Last Updated on December 23, 2019 by Dave Schoenbeck
As John Maxwell writes in The 21 Irrefutable Laws of Leadership, “Victorious leaders have one thing in common: they share an unwillingness to accept defeat.” Let’s face it: if you’re constantly leading your team to failure, you’re probably not a very good leader.
Maxwell’s Law of Victory states that “good leaders find a way for their teams to win.” They don’t allow failure to be an option. However, it takes a strong leader and a strong team to pull this off.
Three Components of the Law of Victory
The Law of Victory has three main components. The first is the unity of vision. Teams succeed only when their members share a unified vision; each team member must be in it for the team, not for their gain. Everyone must work in harmony towards the company’s success.
The second component is a diversity of skills. As Maxwell writes, “can you imagine a whole hockey team of goalies?” Every organization requires diverse talent to succeed. Seek out team members that can staff your weaknesses. You want each employee to be an expert in what they do, even if you might not be.
Finally, the Law of Victory requires a leader dedicated to victory. Leaders are responsible for providing the motivation, resources, and vision for a company to succeed. It takes a real leader to make things happen.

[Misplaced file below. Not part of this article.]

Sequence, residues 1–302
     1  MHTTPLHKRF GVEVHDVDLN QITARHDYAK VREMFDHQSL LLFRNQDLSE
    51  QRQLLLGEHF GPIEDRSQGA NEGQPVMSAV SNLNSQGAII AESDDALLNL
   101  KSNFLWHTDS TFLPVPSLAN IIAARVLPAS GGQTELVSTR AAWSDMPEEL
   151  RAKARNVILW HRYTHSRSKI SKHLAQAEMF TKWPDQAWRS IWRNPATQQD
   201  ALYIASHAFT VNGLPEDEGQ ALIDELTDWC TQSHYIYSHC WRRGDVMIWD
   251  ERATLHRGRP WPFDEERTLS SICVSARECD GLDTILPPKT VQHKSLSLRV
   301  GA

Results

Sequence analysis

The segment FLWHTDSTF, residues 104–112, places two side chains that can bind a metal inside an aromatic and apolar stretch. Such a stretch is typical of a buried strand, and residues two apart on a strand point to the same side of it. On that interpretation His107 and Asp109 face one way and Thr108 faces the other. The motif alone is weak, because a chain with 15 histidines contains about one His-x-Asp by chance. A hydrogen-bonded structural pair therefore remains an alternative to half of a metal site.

The Law of Victory and You
Making the Law of Victory work for your business takes more than a desire to succeed. In his chapter on the Law of Victory, John Maxwell outlines a few key steps every leader should take.
First, you need to take responsibility for the success of your team. If one member falls short, ask yourself honestly if you gave them all the resources they needed to succeed. Much of the time, if an employee is struggling, it’s because we are not in tune with their individual needs.
Also, it’s up to you to lead by example. You must be committed to your business above all things; if you’re not, ask yourself why. It might be a sign that your current goals aren’t aligned with your vision. You have to model the kind of commitment to the company that you want to see in your employees.
You also need to have the right people on your team to cover every base. Make a list of skills that you need in your business to achieve success and see if your current staff fits the bill. If not, you will need to either train your existing staff or shuffle people around to make room for new hires.
Finally, your team must have a unified vision. This will come quickly if you have a cohesive company culture, as your employees will already be on board with the company values. Maxwell suggests working one-on-one with your team to discover where their personal goals can overlap with the company’s goals.
Victory is a team effort, but it’s one that starts at the top. If you need some guidance on leading your team to victory, fill out my contact form, and we’ll schedule a free video call to talk about your business’s needs.
For more information on John C. Maxwell and why I like this book so much, watch the video below.
To read more articles in my “Laws of Leadership” series, click here.
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